FIG. 5 shows the results of three different scans of a substrate having a resist layer. The resist contains carbon and has a trench which is etched to a base containing nickel and aluminum. These scans show how a trench or other structure may be detected either by detecting substance in the substrate or in the structure. The scans for nickel 51 and aluminum 52 show similar results in which a steady group of peaks is recorded at the point where the trench was scanned. These groupings may be measured to determine the width of the base of the trench. The scan for carbon 53 reveals peaking all around the trench. These results may also be measured to determined the width of the trench.
The measurement was specifically created for the measurement of critical dimensions of a write pole tip track width measurement of a magneto-resistive (MR) head. It is a critical measurement that is essential to current and future generations of thin film disk head products. In addition, it is clear that this technique also applies to future semiconductor products. Specifically, the technique is applicable to sub-micron via holes and line features typical of complementary metal oxide semiconductor (CMOS) structures, such as sub-micron memory devices. The measurement technique according to the invention is generic and useful in the production of semiconductors, thin film recording heads and micro machined devices. As device dimensions shrink below 0.7 micron, optical techniques become impractical. Current SEM techniques experience contrast problems below 0.25 micron. AFM technology is not universally applicable and has performance difficulties in the manufacturing environment.
The method has been demonstrated using a Phillips scanning electron beam microscope fitted with a Tracor energy dispersive X-ray spectrometer containing a nitrogen cooled silicon detector on a product sample containing a write pole tip structure consisting of a 4 micron rectangular trench in photo resist on top of a planar nickel-iron seed layer. The magnitude (in counts per minute) of flourescent X-rays in the peak region was recorded for nickel and carbon as a 500 nm wide 6 Kev primary electron beam was scanned across the feature. The position of the primary electron beam was simultaneously recorded. The results (shown in FIG. 2) clearly demonstrate both the high signal contrast and feature width consistent with the known feature dimensions. In addition the results demonstrate the practicality of the measurement. Some key aspects of a practical embodiment include:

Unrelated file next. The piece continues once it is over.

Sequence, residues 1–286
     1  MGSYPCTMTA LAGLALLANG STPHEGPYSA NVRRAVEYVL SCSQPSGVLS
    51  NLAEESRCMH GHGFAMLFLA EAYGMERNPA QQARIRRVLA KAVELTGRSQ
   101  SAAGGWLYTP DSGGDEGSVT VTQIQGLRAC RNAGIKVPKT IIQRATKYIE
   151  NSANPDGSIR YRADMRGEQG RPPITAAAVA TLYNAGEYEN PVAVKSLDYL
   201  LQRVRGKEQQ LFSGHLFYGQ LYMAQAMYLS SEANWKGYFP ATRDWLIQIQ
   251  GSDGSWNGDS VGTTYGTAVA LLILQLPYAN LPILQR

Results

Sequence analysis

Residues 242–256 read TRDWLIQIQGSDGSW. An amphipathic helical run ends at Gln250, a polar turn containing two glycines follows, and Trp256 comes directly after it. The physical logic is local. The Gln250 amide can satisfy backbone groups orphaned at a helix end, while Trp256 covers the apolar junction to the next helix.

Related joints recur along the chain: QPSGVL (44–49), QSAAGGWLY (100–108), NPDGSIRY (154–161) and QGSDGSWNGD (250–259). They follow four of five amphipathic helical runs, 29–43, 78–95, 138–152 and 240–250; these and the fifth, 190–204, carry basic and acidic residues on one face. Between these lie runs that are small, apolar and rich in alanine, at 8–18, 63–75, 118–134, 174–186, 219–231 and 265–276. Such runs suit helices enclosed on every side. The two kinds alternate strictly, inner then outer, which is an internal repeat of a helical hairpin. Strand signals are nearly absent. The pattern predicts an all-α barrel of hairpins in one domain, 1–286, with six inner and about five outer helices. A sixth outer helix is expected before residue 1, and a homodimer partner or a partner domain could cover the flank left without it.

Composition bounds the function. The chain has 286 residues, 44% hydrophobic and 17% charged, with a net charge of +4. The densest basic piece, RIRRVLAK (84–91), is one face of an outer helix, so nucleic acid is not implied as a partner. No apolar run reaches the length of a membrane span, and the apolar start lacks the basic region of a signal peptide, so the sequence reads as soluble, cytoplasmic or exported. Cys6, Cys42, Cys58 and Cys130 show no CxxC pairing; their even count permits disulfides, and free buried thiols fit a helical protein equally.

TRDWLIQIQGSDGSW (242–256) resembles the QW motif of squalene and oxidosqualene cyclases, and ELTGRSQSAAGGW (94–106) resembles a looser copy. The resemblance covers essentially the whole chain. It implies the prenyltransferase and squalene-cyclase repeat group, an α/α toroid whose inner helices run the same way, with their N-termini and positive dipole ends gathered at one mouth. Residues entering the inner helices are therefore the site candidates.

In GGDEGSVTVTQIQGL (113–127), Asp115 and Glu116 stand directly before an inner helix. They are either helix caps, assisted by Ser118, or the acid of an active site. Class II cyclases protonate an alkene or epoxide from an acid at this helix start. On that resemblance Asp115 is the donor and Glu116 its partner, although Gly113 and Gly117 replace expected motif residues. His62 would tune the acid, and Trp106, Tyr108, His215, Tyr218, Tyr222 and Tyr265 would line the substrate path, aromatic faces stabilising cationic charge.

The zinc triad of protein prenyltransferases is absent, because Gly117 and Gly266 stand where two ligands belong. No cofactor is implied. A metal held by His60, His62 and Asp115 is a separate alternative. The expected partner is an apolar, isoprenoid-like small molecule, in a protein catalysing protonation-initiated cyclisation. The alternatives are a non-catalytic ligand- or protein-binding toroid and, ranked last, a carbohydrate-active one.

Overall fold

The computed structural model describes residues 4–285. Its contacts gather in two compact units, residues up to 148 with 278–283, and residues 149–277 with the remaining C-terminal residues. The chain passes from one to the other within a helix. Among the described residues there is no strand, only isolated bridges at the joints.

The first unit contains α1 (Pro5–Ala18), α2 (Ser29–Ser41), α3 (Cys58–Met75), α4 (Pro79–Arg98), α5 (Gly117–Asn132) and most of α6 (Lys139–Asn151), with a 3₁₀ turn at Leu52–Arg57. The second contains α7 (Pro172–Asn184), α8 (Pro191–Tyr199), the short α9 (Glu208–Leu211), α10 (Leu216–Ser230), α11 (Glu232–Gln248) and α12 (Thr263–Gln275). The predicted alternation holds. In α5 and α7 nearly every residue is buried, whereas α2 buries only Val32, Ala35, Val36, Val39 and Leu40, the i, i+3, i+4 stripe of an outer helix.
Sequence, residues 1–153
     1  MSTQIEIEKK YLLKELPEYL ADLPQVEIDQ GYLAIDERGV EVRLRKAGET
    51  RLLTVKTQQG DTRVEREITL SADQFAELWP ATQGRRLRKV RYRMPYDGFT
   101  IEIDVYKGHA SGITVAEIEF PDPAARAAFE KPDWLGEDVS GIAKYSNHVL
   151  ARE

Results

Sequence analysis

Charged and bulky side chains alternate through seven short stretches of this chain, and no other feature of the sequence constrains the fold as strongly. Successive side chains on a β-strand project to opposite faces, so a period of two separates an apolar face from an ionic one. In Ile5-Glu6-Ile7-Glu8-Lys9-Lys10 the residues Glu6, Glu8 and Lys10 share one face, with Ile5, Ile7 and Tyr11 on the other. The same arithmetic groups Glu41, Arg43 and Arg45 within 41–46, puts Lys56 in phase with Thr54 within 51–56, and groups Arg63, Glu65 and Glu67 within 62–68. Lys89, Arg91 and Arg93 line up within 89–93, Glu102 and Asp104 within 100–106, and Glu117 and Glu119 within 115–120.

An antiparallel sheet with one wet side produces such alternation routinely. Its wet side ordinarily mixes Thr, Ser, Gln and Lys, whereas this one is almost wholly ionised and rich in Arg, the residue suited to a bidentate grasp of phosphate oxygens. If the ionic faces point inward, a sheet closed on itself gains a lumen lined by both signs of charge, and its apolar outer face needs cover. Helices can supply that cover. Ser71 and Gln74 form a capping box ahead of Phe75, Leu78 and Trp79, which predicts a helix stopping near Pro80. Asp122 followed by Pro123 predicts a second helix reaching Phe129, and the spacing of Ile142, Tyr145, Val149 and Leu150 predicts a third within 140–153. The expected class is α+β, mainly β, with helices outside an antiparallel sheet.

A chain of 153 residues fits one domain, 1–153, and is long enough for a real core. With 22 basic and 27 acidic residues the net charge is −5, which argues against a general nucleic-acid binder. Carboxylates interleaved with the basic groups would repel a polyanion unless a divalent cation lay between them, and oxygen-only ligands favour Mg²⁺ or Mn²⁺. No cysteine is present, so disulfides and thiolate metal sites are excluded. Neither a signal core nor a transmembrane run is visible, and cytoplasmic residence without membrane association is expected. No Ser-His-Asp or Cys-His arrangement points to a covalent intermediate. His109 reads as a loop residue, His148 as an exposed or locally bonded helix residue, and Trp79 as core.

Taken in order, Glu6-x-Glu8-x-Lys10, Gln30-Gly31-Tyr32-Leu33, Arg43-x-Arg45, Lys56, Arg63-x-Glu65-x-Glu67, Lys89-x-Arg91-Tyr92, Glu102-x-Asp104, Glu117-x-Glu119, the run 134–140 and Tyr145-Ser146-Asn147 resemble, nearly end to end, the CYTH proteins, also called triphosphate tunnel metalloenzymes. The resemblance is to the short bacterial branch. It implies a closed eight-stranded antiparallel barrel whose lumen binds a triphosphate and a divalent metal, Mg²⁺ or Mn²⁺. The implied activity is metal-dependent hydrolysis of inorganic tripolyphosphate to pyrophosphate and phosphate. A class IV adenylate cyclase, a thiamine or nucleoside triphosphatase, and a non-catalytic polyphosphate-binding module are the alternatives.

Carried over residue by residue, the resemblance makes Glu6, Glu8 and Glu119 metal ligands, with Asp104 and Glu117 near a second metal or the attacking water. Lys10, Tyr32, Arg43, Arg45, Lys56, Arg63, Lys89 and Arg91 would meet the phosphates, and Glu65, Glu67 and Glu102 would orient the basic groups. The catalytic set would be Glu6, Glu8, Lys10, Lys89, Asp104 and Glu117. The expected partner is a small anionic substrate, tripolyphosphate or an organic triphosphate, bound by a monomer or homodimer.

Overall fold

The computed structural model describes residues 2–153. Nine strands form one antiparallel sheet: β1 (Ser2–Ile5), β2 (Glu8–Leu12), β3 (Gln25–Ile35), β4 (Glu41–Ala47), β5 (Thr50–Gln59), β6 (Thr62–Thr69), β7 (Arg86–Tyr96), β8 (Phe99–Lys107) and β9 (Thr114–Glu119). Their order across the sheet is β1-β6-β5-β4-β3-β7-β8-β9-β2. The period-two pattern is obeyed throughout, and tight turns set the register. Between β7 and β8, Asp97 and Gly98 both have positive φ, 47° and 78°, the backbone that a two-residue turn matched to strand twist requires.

1. Positioning the detector directly in the SEM chamber without intervening material between the sample and the detector surface to allow efficient detection of low Z materials.
2. Using thermo-electric (Peltier effect) devices to cool, warm and in general control the temperature of the detector.
3. Using multiple detectors to provide better information and tolerance of different sample geometries.
4. Placing the detector close to the point of beam impact on the sample to allow more efficient X-ray collection for better signal to noise and/or shorter measurement times.
While the invention has been described in terms of a single preferred embodiment, those skilled in the art will recognize that the invention can be practiced with modification within the spirit and scope of the appended claims.
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|U.S. Classification||250/310, 250/307|
|International Classification||G01N23/225, G01B15/00, H01J37/28|
|Cooperative Classification||H01J2237/2807, H01J2237/2814, H01J2237/2445, H01J37/28, G01N23/2252, G01B15/00|
|European Classification||G01B15/00, H01J37/28, G01N23/225B2|
|Jun 26, 1996||AS||Assignment|
Owner name: IBM CORPORATION, NEW YORK
Free format text: ASSIGNMENT OF ASSIGNORS INTEREST;ASSIGNORS:BENIZRI-CARL, PETER;EGERT, WOLFGANG;JUN, MANFRED;AND OTHERS;REEL/FRAME:008079/0808;SIGNING DATES FROM 19960610 TO 19960626
|Dec 14, 2001||FPAY||Fee payment|
Year of fee payment: 4
|Mar 15, 2006||REMI||Maintenance fee reminder mailed|
|Aug 25, 2006||LAPS||Lapse for failure to pay maintenance fees|
|Oct 24, 2006||FP||Expired due to failure to pay maintenance fee|
Effective date: 20060825